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An autonomous tugger train supplies assembly logistics at a BMW plant in Dingolfing, Germany (photo: BMW)

Manufacturing automation has in recent years reached a high degree of maturity, but production logistics has not kept pace. As a result, improvements in manufacturing efficiency haven’t been as high as they could be. “It’s becoming clear that there’s pent-up demand for the automation of production logistics,” said Thomas Stoeckel, founder and co-CEO of nextLAP, a new company that has developed a process to deal with this growing requirement. “What’s key is to link the production and the logistical worlds within an overall platform,” he said.

Suitable solutions using classic automation technology have proven to be too expensive. But modern technologies are reshuffling the deck and manufacturers as well as shipping companies are trying to move toward automated solutions.

At BMW, logistics is at the center of the production system. “The use of innovative, digital technologies is becoming a key factor within complex logistics processes,” said Juergen Maidl, logistics manager at the BMW Group's production network. As part of the restructuring of its logistics, BMW wants to digitize its logistical chain to create transparency. That way, the premium car maker will know where goods are and whether they will arrive on time.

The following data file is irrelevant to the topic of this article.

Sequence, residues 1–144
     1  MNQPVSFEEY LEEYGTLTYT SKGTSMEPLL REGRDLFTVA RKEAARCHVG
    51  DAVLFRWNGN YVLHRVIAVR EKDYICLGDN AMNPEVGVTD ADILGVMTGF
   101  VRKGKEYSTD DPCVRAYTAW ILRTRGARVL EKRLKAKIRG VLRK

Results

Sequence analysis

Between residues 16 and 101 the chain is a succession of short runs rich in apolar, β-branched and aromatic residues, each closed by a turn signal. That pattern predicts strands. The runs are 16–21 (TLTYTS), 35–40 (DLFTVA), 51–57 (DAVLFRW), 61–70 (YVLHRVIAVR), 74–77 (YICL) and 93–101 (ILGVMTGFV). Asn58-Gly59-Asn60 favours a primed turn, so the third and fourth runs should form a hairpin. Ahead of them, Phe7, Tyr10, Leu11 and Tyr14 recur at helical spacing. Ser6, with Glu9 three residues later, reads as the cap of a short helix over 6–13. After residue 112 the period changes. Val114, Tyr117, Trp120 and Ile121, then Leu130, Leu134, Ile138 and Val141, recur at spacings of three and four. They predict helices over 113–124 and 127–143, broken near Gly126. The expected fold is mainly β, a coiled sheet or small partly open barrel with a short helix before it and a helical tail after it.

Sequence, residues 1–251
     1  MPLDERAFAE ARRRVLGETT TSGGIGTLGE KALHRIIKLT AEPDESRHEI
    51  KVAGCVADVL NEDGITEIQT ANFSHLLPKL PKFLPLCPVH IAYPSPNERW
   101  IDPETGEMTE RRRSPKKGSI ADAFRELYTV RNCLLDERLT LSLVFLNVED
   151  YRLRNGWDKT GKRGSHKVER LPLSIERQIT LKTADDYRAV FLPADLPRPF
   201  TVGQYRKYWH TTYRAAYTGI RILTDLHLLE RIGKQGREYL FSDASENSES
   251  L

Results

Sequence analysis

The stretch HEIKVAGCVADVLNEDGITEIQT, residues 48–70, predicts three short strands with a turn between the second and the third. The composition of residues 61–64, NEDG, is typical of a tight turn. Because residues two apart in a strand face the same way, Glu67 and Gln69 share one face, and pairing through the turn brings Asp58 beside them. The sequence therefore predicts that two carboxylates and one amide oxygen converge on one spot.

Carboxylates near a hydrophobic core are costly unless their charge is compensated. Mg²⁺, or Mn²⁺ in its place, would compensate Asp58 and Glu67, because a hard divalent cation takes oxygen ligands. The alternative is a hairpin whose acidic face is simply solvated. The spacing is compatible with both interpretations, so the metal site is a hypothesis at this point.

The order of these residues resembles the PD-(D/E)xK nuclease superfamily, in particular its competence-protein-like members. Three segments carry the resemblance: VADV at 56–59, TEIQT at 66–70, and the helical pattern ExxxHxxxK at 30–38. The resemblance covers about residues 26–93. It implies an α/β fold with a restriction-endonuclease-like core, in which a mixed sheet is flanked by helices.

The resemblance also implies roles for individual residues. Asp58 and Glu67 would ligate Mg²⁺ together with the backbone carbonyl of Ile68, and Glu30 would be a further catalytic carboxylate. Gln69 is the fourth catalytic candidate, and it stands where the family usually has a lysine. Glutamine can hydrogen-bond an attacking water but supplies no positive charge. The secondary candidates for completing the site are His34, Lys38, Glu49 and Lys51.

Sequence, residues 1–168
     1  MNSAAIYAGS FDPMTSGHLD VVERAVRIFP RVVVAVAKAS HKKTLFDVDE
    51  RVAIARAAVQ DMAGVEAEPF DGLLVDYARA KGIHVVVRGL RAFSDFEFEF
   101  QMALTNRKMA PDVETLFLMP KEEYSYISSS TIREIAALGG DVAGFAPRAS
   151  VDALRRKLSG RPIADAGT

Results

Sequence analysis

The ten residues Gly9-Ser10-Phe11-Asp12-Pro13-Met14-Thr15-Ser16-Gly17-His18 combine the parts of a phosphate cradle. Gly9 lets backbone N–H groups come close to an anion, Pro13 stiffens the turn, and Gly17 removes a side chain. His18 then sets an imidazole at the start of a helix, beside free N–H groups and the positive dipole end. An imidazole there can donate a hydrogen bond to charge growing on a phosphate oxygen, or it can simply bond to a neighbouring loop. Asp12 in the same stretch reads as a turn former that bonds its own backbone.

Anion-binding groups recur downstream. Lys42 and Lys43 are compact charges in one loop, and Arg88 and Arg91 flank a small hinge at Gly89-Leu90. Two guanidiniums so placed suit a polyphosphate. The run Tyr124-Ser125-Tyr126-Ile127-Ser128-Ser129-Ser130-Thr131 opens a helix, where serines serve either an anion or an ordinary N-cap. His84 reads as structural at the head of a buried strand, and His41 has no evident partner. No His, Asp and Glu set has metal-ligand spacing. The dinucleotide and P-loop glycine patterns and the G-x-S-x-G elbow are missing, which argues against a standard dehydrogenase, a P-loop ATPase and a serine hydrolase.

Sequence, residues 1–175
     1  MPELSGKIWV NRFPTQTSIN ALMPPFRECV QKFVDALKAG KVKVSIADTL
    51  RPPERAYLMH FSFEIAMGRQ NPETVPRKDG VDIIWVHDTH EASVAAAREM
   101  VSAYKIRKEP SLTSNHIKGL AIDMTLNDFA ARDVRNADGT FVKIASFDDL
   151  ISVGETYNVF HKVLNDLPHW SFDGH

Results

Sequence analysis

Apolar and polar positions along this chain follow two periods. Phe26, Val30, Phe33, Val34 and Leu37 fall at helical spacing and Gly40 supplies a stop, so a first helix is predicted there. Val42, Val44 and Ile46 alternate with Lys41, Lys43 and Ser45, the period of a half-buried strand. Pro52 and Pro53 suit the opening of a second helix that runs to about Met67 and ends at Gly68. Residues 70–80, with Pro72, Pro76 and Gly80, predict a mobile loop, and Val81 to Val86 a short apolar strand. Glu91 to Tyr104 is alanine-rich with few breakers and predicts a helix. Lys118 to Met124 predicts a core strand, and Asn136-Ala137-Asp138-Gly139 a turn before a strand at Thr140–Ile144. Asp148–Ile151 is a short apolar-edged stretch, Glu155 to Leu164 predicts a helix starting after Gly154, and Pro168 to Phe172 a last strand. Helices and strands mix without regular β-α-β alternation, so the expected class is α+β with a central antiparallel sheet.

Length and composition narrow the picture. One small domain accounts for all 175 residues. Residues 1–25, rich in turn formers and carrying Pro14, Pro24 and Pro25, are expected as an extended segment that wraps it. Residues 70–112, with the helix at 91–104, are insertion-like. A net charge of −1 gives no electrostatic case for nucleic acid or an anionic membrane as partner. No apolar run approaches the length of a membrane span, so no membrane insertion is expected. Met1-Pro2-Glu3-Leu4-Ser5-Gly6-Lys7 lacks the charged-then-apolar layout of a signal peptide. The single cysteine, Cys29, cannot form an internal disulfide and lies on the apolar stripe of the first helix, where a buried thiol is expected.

There are good reasons for this rethinking: “In light of increasingly high variation, the manufacturers are facing the challenge of having more and more parts delivered just-in-time, not just the expensive ones,” said Stoeckel, who was formerly in charge of production IT at the Ingolstadt plant of premium brand Audi.

Need for consistency

Roland Kunz, head of automotive at network equipment provider Cisco said production logistics in many companies still has too many silo-oriented systems. Digitization offers the chance to bring consistency in the supply and demand chain, he said.

nextlap-stoeckel-300x300 Stoeckel says Amazon can track objects along the entire chain

Real-time tracking with the help of WiFi is key. “To ensure a fully automated supply chain, it must always be clear where a part is located thanks to real-time tracking,” Kunz said. Information about cycle rates, self-learning algorithms, and a linkage with a map system can then ensure that, if trucks run into problems, they are automatically steered to an alternative route.

In many consumer-facing industry operations such an approach is already a priority and nextLAP’s Stoeckel cited internet sales group Amazon as an example. “At Amazon, it is possible to determine where the package is at any time and whether it will arrive on time,” he said. “So far we haven't had this transparency in manufacturing.”

With low-cost location sensors, it is now possible to know precisely at any given time where something is ”“ the forklift, the skid, the shelf, the tugger train, or rack where the part can be found. The routes from a warehouse an hour away to the assembly line are also becoming transparent. But this requires a foundation: a cloud-based production process platform that provides a view of every movement of the material and assets inside or outside a building.